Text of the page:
What is a Bare Trust good for?
You may feel vulnerable in the public and reporters knowing what land you own. It is no one’s business, other than yourself, and the ATO, of course. You transfer your real estate to a bare trustee for no stamp duty or CGT. When someone does a search at the local titles office your name does not appear anywhere.
How do they work?
Before the Bare Trust is created the beneficiary is both the legal and equitable owner. Therefore, there is no trust in existence since the ‘legal owner’ and ‘beneficiary owner’ are the same person. In other words, the beneficiary, before this Bare Trust is signed owns both the ‘legal’ and ‘equitable’ interest in the asset.
In the Bare Trust the beneficiary transfers to the trustee legal ownership only. Under the Bare Trust the beneficiary retains the beneficial interest in the asset. The Trustee only takes on the legal ownership. Neither before nor after the Bare Trust does the Trustee have any beneficial interest in the asset. The beneficial owner remains the beneficial owner.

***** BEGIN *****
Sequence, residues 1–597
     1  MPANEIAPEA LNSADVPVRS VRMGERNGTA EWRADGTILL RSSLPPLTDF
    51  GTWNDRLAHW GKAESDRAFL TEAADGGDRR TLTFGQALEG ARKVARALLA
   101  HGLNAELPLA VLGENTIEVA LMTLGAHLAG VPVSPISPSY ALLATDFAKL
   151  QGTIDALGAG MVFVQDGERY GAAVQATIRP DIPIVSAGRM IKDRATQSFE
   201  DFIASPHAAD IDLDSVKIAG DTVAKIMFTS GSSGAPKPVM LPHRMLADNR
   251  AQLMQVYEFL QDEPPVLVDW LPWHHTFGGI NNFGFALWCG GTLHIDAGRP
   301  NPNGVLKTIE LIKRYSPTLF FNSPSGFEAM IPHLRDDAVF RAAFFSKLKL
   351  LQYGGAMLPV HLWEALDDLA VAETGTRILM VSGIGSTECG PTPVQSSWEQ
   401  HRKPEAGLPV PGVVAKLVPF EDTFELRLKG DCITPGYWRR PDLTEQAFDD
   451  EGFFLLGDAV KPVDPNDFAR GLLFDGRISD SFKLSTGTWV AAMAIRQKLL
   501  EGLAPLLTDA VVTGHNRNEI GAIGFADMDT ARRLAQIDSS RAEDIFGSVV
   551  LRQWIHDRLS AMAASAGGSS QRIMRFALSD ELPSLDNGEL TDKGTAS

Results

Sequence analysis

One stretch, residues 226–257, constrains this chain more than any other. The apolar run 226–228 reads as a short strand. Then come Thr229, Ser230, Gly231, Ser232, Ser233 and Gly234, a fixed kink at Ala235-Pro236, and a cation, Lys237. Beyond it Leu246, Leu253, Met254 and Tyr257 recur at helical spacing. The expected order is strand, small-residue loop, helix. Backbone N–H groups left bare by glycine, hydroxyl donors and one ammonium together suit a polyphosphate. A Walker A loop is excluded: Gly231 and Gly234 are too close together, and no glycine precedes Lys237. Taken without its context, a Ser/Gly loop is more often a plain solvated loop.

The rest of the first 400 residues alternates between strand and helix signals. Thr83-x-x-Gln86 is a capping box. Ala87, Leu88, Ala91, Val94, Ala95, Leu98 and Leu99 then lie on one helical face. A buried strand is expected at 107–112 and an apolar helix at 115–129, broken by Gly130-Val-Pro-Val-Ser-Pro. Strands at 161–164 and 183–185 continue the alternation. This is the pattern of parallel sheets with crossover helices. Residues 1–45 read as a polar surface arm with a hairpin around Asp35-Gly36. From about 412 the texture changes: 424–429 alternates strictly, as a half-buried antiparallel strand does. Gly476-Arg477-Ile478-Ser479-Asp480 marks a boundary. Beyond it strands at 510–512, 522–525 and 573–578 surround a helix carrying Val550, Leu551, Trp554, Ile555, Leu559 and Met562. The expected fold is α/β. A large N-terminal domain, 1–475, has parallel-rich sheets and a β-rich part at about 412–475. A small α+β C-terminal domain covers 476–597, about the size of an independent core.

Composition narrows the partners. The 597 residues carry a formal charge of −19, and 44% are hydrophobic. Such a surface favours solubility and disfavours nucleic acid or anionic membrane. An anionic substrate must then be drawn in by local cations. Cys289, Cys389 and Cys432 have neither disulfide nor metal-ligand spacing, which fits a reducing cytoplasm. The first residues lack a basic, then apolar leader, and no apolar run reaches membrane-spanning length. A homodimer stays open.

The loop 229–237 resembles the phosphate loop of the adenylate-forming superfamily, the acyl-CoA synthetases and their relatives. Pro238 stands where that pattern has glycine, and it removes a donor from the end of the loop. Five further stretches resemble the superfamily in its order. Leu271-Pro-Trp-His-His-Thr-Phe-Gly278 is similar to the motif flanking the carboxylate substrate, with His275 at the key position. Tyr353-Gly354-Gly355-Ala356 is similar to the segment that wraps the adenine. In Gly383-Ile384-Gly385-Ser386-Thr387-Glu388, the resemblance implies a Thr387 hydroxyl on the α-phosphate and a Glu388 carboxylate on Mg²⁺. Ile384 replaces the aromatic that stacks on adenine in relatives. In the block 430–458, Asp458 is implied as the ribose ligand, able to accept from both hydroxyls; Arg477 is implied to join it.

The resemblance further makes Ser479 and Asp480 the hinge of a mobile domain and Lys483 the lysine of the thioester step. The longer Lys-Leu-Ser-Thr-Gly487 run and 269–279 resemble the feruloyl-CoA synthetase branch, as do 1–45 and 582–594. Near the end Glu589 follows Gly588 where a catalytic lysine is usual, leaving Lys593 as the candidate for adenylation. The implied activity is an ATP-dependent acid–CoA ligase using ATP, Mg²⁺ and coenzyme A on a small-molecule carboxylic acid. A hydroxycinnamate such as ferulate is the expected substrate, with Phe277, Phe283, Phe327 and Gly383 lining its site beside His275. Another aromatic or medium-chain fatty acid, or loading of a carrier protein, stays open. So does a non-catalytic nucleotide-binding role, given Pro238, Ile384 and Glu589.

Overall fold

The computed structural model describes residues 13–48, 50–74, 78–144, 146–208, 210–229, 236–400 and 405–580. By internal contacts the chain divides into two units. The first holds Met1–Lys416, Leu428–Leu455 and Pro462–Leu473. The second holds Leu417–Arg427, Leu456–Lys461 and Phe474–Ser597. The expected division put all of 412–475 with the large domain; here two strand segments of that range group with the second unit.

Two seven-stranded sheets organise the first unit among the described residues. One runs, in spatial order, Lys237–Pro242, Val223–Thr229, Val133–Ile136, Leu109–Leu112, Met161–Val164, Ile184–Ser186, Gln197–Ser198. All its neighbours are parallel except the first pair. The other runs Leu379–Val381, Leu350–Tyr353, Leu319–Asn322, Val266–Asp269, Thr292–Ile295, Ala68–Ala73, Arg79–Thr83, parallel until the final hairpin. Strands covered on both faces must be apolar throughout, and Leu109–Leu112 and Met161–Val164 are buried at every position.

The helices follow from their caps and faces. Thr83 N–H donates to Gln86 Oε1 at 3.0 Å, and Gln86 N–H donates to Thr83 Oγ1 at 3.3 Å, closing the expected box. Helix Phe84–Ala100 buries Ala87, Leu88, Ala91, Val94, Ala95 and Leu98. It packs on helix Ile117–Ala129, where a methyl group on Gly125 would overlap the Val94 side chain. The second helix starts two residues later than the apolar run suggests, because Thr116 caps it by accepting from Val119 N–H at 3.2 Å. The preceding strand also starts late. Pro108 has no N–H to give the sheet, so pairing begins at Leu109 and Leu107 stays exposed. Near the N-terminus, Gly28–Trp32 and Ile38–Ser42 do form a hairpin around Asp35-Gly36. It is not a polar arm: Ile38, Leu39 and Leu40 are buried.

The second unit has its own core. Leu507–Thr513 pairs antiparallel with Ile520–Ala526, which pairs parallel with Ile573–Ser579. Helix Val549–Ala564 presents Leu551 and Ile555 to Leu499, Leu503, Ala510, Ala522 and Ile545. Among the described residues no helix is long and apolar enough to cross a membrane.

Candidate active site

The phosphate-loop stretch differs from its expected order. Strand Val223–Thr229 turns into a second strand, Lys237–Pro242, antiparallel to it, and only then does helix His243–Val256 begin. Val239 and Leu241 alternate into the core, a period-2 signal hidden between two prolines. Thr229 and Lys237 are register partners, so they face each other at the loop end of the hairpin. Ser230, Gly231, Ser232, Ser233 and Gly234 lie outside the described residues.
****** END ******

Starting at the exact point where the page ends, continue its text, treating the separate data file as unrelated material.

The ATO and stamps office look through the trust and see that the ‘true’ owner, the beneficial owner has not changed. Therefore, there is generally no stamp duty or CGT implications. The beneficial owner (not the legal owner) continues to pay tax on any income generated by the asset. The beneficial owner continues to be liable for the costs of maintaining the asset.
Nothing changes except that the asset is now in the hands of another person – the trustee. For example, if it was land your lawyer would prepare a transfer and transfer the property, pursuant to the Bare Trust, to the trustee, generally, without any CGT or stamp duty.
For more legal advice telephone us. We are a law firm. We can help you answer the questions.
Adjunct Professor, Dr Brett Davies, CTA, AIAMA, BJuris, LLB, Dip Ed, BArts(Hons), LLM, MBA, SJD
Legal Consolidated Barristers and Solicitors
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